At some time back in the nineteenth century most of Europe realised that putting debtors into prison was not an effective method of enabling them to pay off creditors. Unfortunately today's European politicians have not, with respect to Greece, yet learned the lesson.
In a post in January this year I argued that the Greeks Greece should be allowed to adopt a Keynesian solution to their economic problems:
- granted a moratorium on debt repayments for, say, five years;
- allowed to borrow further at market rates;
- revive their economy and tax take, initially by growth stimulated by public infrastructure projects;
- sort out their tax-evasion and other endemic problems;
Instead, the cart is put before the horse. Rather than prioritising growth, this will be stifled by further government austerity, along with demands that large tranches of debt should be paid off now.
The reverse, Keynesian, policy is not "pie in the sky" theory, but can be illustrated from history.
The Greek government's Debt/GDP ratio is currently 180%.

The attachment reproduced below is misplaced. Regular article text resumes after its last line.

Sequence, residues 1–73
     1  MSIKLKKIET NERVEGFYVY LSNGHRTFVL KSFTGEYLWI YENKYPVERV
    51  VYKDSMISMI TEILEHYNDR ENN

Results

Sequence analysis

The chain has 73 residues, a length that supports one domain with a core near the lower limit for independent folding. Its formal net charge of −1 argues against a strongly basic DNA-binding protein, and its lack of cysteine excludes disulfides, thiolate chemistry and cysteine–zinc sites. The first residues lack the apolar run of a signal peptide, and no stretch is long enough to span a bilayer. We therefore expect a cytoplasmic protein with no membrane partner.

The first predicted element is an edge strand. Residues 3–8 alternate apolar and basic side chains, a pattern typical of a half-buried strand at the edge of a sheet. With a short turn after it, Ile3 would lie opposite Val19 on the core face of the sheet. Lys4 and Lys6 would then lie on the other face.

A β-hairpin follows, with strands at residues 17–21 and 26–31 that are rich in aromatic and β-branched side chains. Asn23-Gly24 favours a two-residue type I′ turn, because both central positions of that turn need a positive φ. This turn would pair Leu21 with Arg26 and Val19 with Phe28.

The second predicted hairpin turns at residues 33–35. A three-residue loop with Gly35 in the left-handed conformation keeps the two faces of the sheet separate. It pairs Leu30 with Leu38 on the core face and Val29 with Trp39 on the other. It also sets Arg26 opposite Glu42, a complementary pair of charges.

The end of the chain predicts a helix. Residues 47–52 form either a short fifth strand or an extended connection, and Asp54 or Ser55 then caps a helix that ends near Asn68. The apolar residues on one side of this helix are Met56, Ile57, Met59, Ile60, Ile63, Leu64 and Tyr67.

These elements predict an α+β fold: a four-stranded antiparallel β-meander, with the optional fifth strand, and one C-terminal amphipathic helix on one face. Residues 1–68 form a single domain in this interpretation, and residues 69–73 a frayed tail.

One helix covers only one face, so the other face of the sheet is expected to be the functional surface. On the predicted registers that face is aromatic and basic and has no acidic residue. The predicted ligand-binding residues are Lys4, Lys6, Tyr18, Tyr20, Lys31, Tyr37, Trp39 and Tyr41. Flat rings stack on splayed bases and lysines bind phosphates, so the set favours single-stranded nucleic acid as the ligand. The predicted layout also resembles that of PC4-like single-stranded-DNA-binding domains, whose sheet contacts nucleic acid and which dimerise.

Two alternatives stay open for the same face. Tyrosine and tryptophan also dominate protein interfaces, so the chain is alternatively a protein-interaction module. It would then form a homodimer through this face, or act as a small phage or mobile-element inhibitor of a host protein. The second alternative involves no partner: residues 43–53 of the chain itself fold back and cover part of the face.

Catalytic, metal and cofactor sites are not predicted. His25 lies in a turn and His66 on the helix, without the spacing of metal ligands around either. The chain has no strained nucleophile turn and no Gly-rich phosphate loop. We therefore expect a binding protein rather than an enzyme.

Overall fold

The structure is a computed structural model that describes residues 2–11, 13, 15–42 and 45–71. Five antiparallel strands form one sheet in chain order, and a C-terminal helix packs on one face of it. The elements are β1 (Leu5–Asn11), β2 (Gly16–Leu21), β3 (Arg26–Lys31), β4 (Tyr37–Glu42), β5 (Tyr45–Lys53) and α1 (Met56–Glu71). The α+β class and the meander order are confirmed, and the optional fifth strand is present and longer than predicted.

In 1945 the UK's Debt/GDP ratio was 215% and it rose to 238% by 1947. But thereafter it fell steadily until the 1990s ( figures from ukpublicspending.co.uk/uk_national_debt_chart.html )
The reason was economic growth, at least in part facilitated by loans from the US which have now all been repaid.
Other post war European economies, including Germany, recovered from similar levels of debt, facilitated by some debt forgiveness and by massive Marshall Aid from the US
Greece is such a small proportion, about 2%, of the EU economy that an experiment in similar Keynesian expansion is perfectly feasible. In the unlikely event of its failing the consequences will be far less than the misery certain to be engendered by the present policy, which is doomed to fail.
So on Sunday the common sense thing for the Greeks to do is vote "NO."